"Did you tell someone you wanted to hurt yourself tonight?"

Immediately, a note of understanding registers on her face. "You've had a call from Michael, haven't you?"

He puts down the megaphone and the rest of the conversation takes place at a more civilized volume, particularly as it's the middle of the night. Faces appear at various windows and curtains twitch up and down the street.

"We have. He's told us you have a gun and were threatening to kill yourself."

"Wait there. I'm coming to open the door."

Thirty seconds later, Natalie appeared at the front door, adorned in a pair of pink pyjamas for which she apologises.

"It's a hoax. It's the best one he's pulled yet. He can't get over the fact that we split up, seven months ago already."

She goes on to tell the officers about all the other problems he's caused, sending the fire brigade, calling out doctors and mental health teams, even getting the Samaritans to give her a call. Just as a formality, one of the armed response team searched the house and, as expected, found no gun.

"I told you everything was alright. I'm not suicidal, I'm not depressed, I'm just trying to get on with my life." She stared suddenly at the stars, then looked all around her and laughed. "I'll tell you one thing for free; it's been a long seven months." 

The armed response team packed away their kit, other police removed the tape that had cordoned off the street, and we could finally remove the heavy ballistic vests that we'd been asked to wear. As we sit back in the ambulance and watch all the other teams leave, life in the suburban road returns to what should be a normal night, especially in Natalie's life.

Quiet and undisturbed. 

Wednesday, 14 March 2012



Right then, loyal readers, the voting is now open for the EMS Blog of the Year. 

I have, miraculously, been shortlisted. You now have seven days of nagging to look forward to.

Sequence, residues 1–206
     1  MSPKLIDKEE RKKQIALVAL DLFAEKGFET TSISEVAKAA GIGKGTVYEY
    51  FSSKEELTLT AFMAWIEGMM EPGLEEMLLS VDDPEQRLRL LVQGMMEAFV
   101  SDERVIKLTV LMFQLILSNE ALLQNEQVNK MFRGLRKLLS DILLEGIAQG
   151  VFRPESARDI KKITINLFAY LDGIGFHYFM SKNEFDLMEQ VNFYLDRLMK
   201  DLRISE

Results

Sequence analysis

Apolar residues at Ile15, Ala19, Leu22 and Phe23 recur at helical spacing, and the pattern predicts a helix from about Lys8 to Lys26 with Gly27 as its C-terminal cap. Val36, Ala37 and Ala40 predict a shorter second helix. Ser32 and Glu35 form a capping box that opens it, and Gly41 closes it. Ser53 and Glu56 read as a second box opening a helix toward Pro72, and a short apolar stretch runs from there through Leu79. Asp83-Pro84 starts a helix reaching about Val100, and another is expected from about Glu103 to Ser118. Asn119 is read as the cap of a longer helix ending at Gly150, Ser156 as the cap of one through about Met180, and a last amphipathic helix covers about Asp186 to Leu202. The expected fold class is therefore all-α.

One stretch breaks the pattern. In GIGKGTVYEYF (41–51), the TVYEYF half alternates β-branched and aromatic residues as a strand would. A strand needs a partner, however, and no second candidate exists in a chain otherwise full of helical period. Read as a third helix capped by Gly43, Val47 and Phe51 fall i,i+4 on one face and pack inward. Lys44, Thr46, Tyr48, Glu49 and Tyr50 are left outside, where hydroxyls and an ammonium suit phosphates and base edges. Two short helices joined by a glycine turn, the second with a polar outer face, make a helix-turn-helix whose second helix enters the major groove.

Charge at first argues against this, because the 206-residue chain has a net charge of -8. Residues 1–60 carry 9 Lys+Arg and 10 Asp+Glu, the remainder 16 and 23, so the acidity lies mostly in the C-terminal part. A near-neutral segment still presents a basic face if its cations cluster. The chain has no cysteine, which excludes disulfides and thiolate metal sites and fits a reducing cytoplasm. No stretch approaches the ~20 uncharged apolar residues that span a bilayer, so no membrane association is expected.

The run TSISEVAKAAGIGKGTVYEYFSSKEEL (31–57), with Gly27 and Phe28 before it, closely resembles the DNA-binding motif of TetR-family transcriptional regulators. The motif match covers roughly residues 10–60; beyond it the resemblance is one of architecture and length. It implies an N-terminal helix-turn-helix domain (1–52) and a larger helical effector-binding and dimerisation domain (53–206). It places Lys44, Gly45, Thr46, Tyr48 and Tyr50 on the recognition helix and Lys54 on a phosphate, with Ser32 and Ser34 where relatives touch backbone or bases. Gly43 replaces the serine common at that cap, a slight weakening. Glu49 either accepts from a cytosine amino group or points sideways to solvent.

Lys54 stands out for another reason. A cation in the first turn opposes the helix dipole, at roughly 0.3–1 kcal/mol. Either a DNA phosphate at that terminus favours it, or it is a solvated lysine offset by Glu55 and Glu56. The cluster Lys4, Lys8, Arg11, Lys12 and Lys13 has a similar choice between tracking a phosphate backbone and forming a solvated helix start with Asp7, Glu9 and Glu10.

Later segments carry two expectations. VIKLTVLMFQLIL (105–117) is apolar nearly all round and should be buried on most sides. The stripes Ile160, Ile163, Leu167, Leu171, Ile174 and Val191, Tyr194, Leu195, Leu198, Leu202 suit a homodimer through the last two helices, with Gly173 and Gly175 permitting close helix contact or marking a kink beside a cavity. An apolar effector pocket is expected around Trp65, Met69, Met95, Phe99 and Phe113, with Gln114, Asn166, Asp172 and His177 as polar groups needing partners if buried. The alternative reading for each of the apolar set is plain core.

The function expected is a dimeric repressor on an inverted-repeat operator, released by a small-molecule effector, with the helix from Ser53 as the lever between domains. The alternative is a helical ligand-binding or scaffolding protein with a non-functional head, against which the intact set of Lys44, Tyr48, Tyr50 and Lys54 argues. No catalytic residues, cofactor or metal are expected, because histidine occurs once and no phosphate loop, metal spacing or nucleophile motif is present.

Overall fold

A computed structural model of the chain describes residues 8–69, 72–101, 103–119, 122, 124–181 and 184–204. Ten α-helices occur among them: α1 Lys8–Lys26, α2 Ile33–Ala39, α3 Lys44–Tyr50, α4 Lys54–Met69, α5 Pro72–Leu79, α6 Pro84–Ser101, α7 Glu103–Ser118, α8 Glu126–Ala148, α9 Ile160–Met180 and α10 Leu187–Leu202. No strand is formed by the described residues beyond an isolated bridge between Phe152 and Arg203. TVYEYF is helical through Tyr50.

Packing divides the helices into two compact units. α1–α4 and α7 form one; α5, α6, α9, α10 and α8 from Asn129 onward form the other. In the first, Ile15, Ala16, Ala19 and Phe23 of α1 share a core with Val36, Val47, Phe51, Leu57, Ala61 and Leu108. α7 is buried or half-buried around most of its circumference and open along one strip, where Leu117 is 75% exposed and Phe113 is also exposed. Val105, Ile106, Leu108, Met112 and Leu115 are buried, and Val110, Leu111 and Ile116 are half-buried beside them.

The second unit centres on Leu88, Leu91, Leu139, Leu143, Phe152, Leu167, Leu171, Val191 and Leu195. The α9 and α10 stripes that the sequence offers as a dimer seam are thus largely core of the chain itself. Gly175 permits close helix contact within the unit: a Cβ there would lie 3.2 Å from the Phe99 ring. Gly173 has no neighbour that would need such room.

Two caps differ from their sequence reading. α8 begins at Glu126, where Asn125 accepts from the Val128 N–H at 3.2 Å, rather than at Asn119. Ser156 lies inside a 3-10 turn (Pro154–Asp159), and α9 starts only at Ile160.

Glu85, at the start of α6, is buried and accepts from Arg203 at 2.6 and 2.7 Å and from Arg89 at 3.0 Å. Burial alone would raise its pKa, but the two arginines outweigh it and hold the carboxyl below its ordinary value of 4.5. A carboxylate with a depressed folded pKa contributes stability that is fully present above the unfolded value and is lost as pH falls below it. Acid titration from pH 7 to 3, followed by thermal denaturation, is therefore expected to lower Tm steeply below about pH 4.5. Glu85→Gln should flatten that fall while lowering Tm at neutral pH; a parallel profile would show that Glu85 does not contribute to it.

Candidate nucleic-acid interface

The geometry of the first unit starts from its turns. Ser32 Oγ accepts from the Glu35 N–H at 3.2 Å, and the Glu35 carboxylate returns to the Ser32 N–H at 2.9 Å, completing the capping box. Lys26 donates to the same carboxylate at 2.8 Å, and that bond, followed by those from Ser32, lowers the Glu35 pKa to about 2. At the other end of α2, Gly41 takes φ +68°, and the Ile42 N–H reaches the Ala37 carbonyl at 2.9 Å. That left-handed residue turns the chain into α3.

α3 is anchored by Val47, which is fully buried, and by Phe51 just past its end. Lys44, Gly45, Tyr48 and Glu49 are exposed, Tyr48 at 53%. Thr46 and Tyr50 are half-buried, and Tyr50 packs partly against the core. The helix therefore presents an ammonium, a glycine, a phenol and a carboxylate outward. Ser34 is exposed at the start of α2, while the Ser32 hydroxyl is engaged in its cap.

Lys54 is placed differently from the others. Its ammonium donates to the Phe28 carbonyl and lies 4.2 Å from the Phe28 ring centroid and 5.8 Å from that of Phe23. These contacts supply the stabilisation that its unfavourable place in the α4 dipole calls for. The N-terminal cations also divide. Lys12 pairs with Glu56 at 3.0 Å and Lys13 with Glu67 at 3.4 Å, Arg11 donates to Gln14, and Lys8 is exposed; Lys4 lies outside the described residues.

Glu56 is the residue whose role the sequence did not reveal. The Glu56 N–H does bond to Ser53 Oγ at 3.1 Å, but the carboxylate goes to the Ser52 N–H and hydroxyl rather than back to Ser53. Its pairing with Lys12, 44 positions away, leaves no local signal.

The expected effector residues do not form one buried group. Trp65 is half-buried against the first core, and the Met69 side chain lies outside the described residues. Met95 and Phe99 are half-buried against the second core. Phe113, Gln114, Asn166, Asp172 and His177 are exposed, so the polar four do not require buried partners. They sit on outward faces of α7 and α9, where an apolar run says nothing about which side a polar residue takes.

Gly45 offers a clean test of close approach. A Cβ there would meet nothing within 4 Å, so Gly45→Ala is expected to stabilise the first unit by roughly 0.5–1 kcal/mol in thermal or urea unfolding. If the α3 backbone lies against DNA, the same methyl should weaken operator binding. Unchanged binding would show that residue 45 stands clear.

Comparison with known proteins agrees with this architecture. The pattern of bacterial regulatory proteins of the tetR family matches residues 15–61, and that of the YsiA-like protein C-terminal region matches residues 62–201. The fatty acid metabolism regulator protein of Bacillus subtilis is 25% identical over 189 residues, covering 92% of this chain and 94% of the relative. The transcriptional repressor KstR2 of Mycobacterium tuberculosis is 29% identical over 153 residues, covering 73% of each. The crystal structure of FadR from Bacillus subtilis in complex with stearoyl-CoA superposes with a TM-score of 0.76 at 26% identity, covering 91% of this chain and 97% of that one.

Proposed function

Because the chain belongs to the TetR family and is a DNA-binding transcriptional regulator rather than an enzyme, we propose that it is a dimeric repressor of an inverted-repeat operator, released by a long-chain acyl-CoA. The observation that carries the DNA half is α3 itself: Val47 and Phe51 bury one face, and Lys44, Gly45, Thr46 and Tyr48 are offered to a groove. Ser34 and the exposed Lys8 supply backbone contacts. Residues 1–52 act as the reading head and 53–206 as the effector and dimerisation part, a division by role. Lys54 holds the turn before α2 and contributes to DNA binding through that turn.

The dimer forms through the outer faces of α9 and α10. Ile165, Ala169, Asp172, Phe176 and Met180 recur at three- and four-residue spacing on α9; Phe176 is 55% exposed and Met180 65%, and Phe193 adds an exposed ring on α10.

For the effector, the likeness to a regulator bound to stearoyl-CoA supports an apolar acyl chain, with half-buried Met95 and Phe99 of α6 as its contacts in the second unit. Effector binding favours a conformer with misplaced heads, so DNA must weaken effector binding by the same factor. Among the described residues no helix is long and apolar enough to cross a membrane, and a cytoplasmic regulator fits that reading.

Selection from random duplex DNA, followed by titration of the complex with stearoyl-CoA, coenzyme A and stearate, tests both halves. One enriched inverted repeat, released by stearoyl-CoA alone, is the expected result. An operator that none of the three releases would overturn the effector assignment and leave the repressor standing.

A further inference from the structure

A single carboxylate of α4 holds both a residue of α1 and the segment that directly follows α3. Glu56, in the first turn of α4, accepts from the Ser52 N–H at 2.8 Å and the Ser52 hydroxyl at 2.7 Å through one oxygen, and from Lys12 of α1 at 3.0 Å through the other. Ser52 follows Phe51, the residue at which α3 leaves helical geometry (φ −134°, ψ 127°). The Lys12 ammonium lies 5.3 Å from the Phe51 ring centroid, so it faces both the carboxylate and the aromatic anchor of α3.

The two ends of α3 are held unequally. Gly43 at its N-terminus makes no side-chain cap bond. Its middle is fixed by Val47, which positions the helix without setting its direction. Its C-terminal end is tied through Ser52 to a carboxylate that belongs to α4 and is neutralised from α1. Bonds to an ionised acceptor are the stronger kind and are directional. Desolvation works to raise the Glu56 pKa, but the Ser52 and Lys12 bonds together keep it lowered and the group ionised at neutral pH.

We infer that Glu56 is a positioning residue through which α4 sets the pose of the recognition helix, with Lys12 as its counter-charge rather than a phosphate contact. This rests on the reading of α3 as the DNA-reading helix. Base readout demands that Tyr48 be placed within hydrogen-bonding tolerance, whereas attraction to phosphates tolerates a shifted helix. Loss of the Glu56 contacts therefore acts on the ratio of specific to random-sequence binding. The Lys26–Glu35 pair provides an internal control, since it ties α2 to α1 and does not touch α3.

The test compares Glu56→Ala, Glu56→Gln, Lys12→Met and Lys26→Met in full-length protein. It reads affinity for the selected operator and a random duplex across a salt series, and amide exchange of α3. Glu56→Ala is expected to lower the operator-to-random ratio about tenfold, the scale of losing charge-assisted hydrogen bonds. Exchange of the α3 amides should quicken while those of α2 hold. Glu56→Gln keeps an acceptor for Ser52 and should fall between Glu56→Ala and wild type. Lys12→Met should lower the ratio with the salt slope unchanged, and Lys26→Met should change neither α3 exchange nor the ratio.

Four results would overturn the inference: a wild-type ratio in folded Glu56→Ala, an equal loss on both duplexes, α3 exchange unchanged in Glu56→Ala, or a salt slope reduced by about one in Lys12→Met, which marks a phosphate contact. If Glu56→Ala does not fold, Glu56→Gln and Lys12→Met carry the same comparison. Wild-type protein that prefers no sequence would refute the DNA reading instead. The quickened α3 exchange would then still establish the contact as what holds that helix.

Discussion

Therefore, GO VOTE! 

Subtle, ain't I? Or maybe, Subtle ain't me. Anyway, I'm up against some serious competition, most of whom I read regularly, and two of them I even nominated in the first place, so I really, REALLY need your votes. You get one vote each - so make 'em count! 

Thanks to all those who nominated me in the first place - I'm honoured to be on a list with some great bloggers. 

Tuesday, 13 March 2012

Playing Dead

Saturday night. 

In fact, it's worse. 

It's a post pay-day Saturday night. 

The calls are coming in faster than the customers can spend their hard-earned cash. Call after call is alcohol related, leading either to faints or fights, pass-outs or punch-ups. Suddenly, in the middle of it all, a genuine call. 

In fact, it's worse. 

It's a genuine call made by a child. 

The call comes in as a mother who isn't breathing. The child is barely able to contain their emotion as they  follow instructions from the call-taker. Luckily, I'm less than a mile away. Under a minute later, as I step across the threshold, a bag on my back and another two balanced on my arms, a young child grabs me by the hand and practically drags me off my feet. 

I walk into the room to see a sight that worries me even more; it's not just one child who's distraught, but four. The oldest is ten years old. All are crying, worried, scared. One begs me to help their mother. 

"She's not breathing! Do something!" 

Another asks me the awful question. "Is she dead?"

All it takes is one look at the mother. Her eyelids flicker like no dead person's can. As I call her name loudly, she jumps a little, but tries to stifle it to keep up the pretence. As a crew arrives, I usher the children out of the room, asking them to let me treat their mother whilst reassuring them that she'll be absolutely fine in a few minutes. 

"Right," I say, "the kids have gone, and it's just us. Now do you want to tell me what this is all about?" It's  rare for me to lose my temper with patients, but I'm close. She opens one eye, then the other and after a moment or two, decides to pretend that she remembers nothing and that she doesn't know where she is.

Leaving the crew to treat the so-called patient, I go to speak to the children. One of them tells me that the two oldest siblings were fighting, their mum shouted at them to stop and when they didn't, she collapsed and stopped breathing.

"She just dropped to the floor?"

"No. She sat on the couch with a bit of a bump, shouted again, and then fell back with her head on the cushions."

"I understand. Just so you know, your mum's going to be absolutely fine. We'll let you in soon so you can see her and talk to her."